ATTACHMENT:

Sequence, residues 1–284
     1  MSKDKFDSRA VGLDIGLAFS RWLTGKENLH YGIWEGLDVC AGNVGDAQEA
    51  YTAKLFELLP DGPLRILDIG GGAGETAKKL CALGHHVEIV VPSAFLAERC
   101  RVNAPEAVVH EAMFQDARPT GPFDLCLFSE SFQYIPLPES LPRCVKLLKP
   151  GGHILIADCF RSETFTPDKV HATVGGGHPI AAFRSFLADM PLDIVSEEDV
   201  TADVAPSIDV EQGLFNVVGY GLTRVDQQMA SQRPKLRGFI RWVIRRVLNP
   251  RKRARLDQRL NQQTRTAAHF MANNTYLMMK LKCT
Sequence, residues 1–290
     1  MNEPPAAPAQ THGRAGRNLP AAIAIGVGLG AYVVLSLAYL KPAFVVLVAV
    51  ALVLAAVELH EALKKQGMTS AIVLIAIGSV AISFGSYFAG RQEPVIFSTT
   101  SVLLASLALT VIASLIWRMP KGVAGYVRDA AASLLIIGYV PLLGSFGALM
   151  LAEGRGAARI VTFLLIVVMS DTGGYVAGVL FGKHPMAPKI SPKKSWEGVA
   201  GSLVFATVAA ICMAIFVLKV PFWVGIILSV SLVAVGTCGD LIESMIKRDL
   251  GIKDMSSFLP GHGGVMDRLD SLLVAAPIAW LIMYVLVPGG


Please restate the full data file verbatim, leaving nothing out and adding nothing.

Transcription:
Sequence, residues 1–284
     1  MSKDKFDSRA VGLDIGLAFS RWLTGKENLH YGIWEGLDVC AGNVGDAQEA
    51  YTAKLFELLP DGPLRILDIG GGAGETAKKL CALGHHVEIV VPSAFLAERC
   101  RVNAPEAVVH EAMFQDARPT GPFDLCLFSE SFQYIPLPES LPRCVKLLKP
   151  GGHILIADCF RSETFTPDKV HATVGGGHPI AAFRSFLADM PLDIVSEEDV
   201  TADVAPSIDV EQGLFNVVGY GLTRVDQQMA SQRPKLRGFI RWVIRRVLNP
   251  RKRARLDQRL NQQTRTAAHF MANNTYLMMK LKCT
Sequence, residues 1–290
     1  MNEPPAAPAQ THGRAGRNLP AAIAIGVGLG AYVVLSLAYL KPAFVVLVAV
    51  ALVLAAVELH EALKKQGMTS AIVLIAIGSV AISFGSYFAG RQEPVIFSTT
   101  SVLLASLALT VIASLIWRMP KGVAGYVRDA AASLLIIGYV PLLGSFGALM
   151  LAEGRGAARI VTFLLIVVMS DTGGYVAGVL FGKHPMAPKI SPKKSWEGVA
   201  GSLVFATVAA ICMAIFVLKV PFWVGIILSV SLVAVGTCGD LIESMIKRDL
   251  GIKDMSSFLP GHGGVMDRLD SLLVAAPIAW LIMYVLVPGG